Ancient Alexandria possessed not only an important maritime front but also a long lake waterfront on its southern side. This dual waterfront was praised by the ancient geographer Strabo in the first century BCE, because its geomorphological configuration opened Alexandria to Mediterranean trade, and also the Nile delta and Egypt. While the city's maritime palaeogeography has been widely described and studied, Alexandria's lacustrine waterfront has largely been neglected and little is known about its palaeo-geography and archaeology. Here we report the chronostratigraphy of the southern edge of the modern city. Bio-sedimentological analyses of sediment archives allow us to reconstruct the evolution of the depositional environments and palaeogeographies for parts of ancient Alexandria's lacustrine waterfront. The chronological framework spans the last 2000 years. By marrying our data with ancient maps and historical sources, we propose a location for Portus Mareoticus. The lake's geomorphology suggests the presence of three ancient jetties, perpendicular to the shoreline and several hundreds meters long. The occupation of the investigated area began at the end of the first century BCE, linked to Roman domination and probably ended during late Roman times. The waterfront was then disconnected from the city during the 9th century CE, due to the desiccation of Maryut Lake, concomitant with the drying-up of the Canopic branch. Alexandria canal subsequently became the sole waterway linking the city to the Nile. The most western part of the canal, which extended freshwater supply and fluvial navigation down to the western marine harbour of Alexandria, was completed in the 16th century, probably in relation to the development of the marine harbours at the beginning of the Ottoman period. Our research sheds new light on the topography of ancient Alexandria.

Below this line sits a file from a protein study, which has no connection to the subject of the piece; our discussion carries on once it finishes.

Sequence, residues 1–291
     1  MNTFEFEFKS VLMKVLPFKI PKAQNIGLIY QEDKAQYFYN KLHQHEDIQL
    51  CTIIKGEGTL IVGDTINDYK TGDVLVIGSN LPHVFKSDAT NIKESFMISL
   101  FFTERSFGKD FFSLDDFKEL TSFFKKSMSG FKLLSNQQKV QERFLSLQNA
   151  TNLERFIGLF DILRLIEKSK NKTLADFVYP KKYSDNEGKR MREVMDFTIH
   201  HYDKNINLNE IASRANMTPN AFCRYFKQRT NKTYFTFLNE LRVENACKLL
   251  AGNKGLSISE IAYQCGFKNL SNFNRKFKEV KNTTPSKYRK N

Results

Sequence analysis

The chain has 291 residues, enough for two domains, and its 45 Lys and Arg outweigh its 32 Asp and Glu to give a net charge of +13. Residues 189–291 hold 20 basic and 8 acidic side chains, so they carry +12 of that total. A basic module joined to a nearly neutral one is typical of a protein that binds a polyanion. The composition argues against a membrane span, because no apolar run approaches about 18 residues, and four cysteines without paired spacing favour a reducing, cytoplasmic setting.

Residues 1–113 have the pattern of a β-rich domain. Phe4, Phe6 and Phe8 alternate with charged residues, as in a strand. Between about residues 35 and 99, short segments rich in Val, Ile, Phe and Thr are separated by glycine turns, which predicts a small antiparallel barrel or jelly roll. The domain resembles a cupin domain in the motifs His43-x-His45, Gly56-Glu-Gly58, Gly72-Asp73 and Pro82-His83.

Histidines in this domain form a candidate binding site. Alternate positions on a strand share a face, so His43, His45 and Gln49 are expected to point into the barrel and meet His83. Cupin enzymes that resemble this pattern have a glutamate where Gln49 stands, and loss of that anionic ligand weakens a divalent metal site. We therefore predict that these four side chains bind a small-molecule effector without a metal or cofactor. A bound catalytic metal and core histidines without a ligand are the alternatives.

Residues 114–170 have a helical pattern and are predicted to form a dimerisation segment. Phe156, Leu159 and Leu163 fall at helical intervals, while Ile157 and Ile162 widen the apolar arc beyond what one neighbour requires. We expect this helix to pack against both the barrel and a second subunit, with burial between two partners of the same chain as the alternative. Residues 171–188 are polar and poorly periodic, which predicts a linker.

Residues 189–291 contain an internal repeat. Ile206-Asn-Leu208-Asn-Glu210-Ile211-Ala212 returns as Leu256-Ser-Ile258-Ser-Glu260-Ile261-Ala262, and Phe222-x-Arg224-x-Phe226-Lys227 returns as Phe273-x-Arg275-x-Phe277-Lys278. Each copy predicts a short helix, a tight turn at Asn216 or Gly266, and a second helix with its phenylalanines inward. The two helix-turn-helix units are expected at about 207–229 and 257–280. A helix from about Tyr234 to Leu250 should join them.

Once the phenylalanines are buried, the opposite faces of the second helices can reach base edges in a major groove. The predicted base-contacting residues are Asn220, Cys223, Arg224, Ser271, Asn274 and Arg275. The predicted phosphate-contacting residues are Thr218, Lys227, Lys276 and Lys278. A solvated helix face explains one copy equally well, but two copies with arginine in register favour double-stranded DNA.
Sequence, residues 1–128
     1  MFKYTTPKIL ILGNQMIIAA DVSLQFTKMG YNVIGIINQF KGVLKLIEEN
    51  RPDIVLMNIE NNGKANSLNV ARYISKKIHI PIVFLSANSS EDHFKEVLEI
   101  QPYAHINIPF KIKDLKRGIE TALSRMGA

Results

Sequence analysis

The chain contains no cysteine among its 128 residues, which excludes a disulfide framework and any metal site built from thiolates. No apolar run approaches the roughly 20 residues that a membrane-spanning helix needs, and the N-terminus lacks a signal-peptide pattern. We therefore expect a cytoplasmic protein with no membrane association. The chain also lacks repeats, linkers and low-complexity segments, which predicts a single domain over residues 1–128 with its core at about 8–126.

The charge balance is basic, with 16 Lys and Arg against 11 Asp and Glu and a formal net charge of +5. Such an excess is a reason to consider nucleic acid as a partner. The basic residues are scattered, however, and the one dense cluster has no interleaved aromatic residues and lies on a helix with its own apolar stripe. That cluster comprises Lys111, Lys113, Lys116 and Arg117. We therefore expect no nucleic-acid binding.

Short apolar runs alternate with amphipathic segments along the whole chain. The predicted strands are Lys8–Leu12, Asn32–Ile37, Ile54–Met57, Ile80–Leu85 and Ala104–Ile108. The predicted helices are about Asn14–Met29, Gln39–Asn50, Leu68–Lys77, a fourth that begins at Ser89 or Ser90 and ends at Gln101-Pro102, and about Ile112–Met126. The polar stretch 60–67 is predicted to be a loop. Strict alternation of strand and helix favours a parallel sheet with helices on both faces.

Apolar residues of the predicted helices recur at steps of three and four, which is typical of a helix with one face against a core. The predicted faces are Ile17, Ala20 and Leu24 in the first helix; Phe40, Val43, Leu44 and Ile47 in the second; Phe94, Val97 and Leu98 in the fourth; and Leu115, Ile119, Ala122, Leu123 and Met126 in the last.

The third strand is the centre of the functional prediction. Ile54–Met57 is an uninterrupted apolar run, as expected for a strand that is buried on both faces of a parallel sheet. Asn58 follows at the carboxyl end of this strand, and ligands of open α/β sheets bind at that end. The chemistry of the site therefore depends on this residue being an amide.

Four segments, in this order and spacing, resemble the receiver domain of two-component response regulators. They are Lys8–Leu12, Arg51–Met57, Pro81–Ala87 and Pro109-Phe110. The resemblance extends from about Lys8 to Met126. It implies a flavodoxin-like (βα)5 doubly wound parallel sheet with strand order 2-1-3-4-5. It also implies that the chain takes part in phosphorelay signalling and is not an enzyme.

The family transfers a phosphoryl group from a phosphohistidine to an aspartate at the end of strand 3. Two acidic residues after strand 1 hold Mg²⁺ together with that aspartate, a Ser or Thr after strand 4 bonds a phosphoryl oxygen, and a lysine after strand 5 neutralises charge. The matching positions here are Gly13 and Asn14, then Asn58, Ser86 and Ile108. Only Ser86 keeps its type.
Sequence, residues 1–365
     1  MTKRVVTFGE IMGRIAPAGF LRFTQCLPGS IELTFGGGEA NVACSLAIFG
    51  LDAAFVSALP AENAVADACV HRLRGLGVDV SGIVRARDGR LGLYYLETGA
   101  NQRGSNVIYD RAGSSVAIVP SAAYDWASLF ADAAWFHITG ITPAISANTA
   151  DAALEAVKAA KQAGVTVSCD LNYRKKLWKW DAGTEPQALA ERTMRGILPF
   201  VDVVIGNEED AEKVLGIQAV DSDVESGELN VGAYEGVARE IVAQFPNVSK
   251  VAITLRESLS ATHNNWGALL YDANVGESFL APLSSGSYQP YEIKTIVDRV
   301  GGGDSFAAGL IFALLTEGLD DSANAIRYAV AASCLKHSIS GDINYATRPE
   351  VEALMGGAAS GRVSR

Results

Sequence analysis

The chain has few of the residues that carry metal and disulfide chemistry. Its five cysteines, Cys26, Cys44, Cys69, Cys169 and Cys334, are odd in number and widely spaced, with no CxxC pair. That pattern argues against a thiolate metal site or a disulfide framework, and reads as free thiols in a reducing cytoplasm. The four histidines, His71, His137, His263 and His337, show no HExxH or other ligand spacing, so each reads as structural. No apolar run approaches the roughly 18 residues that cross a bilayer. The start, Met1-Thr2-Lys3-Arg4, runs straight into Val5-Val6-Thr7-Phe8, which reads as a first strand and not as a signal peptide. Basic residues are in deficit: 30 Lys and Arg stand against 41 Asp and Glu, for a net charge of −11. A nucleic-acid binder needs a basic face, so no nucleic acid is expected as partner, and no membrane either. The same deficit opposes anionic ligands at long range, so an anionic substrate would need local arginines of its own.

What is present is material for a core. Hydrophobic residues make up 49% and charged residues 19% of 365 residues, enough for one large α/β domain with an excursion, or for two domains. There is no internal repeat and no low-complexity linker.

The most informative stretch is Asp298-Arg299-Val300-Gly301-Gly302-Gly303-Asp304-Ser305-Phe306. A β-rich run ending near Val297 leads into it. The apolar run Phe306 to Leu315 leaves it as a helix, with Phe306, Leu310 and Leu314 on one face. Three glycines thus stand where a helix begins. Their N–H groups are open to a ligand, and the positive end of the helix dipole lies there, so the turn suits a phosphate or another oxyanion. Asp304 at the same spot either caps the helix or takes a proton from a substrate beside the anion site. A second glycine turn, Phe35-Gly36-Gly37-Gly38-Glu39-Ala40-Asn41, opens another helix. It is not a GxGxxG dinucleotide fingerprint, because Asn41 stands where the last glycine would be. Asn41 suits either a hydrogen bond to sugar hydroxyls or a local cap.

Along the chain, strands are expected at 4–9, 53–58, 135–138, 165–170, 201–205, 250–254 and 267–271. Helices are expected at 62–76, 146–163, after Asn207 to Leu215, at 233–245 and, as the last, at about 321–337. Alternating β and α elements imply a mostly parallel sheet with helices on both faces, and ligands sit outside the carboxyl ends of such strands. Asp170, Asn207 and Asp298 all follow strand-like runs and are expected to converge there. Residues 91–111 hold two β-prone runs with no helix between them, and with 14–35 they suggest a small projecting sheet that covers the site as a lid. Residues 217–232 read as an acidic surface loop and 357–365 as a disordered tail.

|Number of pages||13|
|Journal||Journal of Archaeological Science: Reports|
|State||Published - Jun 2017|
Bibliographical noteFunding Information:
We thank Waël and Mohammed Chazly for their help with fieldwork during our investigation of southern Alexandria. Isabelle Hairy has kindly shared her historical data about the Alexandria canal. This research was funded by the project GEOMAR (ANR-12-SENV-0008-03) overseen by the French National Research Agency (ANR).
© 2017 Elsevier Ltd
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